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Dead Zone Pollution Is Growing Despite Decades of Work, So Who's the Culprit?

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HERMANN, Mo. - The Missouri River stretches more than a quarter-mile from shore to shore here, its muddy water the color of coffee with a shot of cream.

The river carved this valley hundreds of thousands of years ago, and in the 1830s, it deposited the German settlers who founded this city. Today, visitors who sip local wine in hillside gazebos can gaze down at the water and imagine being on the Rhine.

For two centuries, Hermann has been known for the Missouri River - and now the river is making Hermann known for an unexpected reason: It is a hot spot for nitrate.

Washing off farms and yards, nitrate is largely responsible for the Gulf of Mexico's infamous "dead zone." Nitrate and other nutrients from the vast Mississippi River basin funnel into the Gulf, sucking oxygen out of the water and killing almost everything in their path.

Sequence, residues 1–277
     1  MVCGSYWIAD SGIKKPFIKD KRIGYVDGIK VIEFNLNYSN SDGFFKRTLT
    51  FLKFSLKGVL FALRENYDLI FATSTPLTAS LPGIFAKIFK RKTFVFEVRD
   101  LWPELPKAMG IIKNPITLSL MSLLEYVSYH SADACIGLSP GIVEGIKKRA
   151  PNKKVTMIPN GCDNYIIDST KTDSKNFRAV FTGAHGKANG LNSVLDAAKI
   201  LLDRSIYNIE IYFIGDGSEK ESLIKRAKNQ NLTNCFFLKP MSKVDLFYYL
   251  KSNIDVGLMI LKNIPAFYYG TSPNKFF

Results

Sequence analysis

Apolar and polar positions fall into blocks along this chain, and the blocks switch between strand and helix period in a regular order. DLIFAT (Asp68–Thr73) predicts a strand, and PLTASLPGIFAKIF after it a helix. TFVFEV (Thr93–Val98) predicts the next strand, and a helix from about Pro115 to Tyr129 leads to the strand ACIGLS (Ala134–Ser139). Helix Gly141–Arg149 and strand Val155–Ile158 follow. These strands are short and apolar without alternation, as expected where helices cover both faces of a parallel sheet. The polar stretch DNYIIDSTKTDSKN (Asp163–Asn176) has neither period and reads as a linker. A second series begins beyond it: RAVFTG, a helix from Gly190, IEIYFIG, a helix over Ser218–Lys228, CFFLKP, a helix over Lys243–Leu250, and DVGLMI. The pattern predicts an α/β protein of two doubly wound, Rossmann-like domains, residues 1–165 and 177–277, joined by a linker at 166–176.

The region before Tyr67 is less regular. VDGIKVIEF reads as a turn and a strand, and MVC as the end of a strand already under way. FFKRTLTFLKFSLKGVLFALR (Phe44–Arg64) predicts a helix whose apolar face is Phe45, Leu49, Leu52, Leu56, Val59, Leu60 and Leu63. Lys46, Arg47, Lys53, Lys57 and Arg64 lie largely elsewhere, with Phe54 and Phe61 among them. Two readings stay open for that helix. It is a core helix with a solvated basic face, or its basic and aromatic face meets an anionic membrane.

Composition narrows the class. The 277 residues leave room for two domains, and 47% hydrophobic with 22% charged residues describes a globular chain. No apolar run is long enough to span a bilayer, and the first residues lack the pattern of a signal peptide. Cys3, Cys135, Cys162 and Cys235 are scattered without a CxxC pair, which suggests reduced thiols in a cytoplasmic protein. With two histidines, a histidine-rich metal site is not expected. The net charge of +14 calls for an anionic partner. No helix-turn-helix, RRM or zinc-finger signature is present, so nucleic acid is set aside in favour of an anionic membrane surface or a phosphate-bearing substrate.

The pollution is one of America's most widespread, costly and challenging environmental problems, according to the U.S. Environmental Protection Agency. Sewage treatment plants along the rivers already have spent billions of dollars, and some farmers now use computers to apply fertilizer with pinpoint precision.

But after three decades of extensive efforts to clean it up, nitrate along the rivers is getting worse. In Hermann, the levels have increased 75 percent since 1980, according to U.S. Geological Survey 
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